1944 Wharton County leaders, members of a Post-War Planning Committee, conceived the idea of Wharton County Junior College. history of WCJC
1945 A County Junior College Committee was formed and citizens approved a 20-cent tax.
1946 On April 6, voters of Wharton County created the Wharton County Junior College District and elected the first Board of Trustees: F.J.L. Blasingame, Wharton; Donald M. Duson, El Campo; J. R. Peace, East Bernard; Lottie N. Mullins, Boling; Richard E. Meek, Louise; Carl Reynolds, Glen Flora; and Harold Hansen, Danevang. In September, classroom instruction began with approximately 200 students housed in five Wharton County Fairground buildings, located at the corner of Boling Highway and Alabama Road. John Milton Hodges became President of Wharton County Junior College.
1948 On June 7, Wharton County voters approved a $600,000 tax bond to acquire permanent college facilities.
1948 Friends of the college donated a 20-acre site at Boling Highway and Alabama Road for campus construction.
1954 Congressman Clark Thompson visited the campus.

Playwright Horton Foote consulted with drama students on the production of The Rocking Chair. The Wharton County Junior College Foundation was formed.

History of WCJC
1962 Travis M. McKenzie became President of Wharton County Junior College.
1966 Theodore Nicksick, Jr., became President of Wharton County Junior College.
1967 College officials purchased the Wharton County Fairground for campus expansion.
1968 Congressman George Bush visited the Wharton campus.
1969 Congressman Jake Pickle visited the Wharton campus
1970 On July 18, voters extended the boundaries of the Wharton County Junior College District to include the Needville Independent School District and a Needville resident was appointed to the Board of Trustees, increasing Board membership to eight.
1974 CBS Newsman Dan Rather spoke to WCJC students.
1980 WCJC began offering day classes in Richmond/Rosenberg at B. F. Terry High School.
1983 WCJC opened a Satellite Campus in Richmond.
1984 Elbert C. Hutchins became President of Wharton County Junior College.
1985 WCJC, with funds provided by the George Foundation, purchased land for a permanent campus in Richmond/Rosenberg.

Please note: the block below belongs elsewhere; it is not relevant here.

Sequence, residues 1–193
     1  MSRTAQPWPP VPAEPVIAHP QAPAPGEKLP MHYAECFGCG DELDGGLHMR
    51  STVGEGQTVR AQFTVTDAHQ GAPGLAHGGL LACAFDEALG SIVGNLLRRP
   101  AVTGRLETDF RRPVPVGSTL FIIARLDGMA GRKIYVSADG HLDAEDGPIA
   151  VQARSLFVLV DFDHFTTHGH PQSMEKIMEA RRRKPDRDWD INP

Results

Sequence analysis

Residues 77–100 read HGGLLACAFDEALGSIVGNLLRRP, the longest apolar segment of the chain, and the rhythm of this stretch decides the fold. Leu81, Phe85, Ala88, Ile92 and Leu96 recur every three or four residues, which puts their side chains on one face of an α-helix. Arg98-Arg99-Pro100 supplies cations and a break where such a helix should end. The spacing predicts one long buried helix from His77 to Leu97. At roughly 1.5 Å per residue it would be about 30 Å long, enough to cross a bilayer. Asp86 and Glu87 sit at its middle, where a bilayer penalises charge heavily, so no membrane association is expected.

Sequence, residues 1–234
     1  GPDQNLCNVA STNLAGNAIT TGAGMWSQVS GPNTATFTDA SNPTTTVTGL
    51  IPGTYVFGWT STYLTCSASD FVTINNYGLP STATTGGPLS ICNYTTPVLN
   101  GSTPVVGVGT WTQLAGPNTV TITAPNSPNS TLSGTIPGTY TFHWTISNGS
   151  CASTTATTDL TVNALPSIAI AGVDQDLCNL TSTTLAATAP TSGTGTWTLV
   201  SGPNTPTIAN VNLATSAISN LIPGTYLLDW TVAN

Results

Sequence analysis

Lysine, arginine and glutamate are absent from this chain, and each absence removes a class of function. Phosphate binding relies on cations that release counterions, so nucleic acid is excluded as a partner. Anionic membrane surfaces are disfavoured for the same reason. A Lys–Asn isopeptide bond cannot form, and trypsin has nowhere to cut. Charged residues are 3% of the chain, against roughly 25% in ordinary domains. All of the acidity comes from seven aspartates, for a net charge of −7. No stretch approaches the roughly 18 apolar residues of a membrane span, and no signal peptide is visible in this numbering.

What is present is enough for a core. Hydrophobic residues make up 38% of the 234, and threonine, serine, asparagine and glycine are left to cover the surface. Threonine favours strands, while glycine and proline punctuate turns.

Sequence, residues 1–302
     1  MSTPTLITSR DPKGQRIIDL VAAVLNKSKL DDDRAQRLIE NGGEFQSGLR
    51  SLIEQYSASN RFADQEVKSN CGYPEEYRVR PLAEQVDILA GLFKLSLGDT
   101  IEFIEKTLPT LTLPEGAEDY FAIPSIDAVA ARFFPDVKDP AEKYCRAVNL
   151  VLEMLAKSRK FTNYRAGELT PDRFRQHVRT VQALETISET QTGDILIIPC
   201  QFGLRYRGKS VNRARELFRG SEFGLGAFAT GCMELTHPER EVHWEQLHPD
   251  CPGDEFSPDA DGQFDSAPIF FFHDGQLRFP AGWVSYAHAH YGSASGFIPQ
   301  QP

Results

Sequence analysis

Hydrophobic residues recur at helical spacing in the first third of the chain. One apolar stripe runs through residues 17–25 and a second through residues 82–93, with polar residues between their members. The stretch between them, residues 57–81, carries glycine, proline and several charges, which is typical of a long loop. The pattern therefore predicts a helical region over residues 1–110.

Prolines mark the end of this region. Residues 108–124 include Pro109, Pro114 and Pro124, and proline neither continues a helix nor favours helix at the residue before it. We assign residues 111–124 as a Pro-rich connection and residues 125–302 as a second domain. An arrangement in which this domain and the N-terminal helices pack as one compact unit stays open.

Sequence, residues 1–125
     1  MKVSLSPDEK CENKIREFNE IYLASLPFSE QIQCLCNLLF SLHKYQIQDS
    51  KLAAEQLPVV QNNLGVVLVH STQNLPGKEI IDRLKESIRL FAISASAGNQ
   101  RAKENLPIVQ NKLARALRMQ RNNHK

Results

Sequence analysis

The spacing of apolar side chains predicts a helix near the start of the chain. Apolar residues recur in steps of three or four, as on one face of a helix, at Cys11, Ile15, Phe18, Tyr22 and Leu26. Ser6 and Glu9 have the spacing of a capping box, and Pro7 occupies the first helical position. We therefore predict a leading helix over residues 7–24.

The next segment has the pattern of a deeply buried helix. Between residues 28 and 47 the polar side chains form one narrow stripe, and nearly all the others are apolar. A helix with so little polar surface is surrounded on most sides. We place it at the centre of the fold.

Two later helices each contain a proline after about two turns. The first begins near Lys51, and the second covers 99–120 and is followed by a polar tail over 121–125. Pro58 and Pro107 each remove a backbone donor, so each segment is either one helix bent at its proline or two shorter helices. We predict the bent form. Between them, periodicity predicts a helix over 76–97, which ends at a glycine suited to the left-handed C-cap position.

1990 The Sugar Land campus opened.
1994 Frank Robert Vivelo became President of Wharton County Junior College.

WCJC began offering classes at the Marine Education Center in Palacios.

1996 The LaDieu Technology Center opened on the Wharton campus.

WCJC joined forces with the University of Houston and Houston Community College System to open a multi-institution teaching center at the Sugar Land CentraPlex.

The Board of Trustees approved the purchase of the Sugar Land CentraPlex Building.

Board of Trustees increased its size to nine members.

1999 The WCJC Bay City Technical Education Center opened at the Testengeer Building to house the college's Process Technology program.
2000 Playwright Horton Foote visited the college to speak with drama students as the Fine Arts Department presented A Year of Horton Foote.
2001 Betty A. McCrohan became President of Wharton County Junior College.

The WCJC Fort Bend Technical Center (FBTC) Richmond campus opened.

Fort Bend Technical Center
2002 Congressman Ron Paul visited the Wharton campus.
2005 WCJC's service area expanded to include Sugar Land and its extraterritorial jurisdiction.

Congressman Tom DeLay visited the WCJC Fort Bend Technical Center.

2007 The Bay City campus opened.
2009 The Sugar Land campus relocated to a new building at the University of Houston System at Sugar Land.
2010 Southern Association Colleges and Schools Commission on Colleges Reaffirms Wharton County Junior College 
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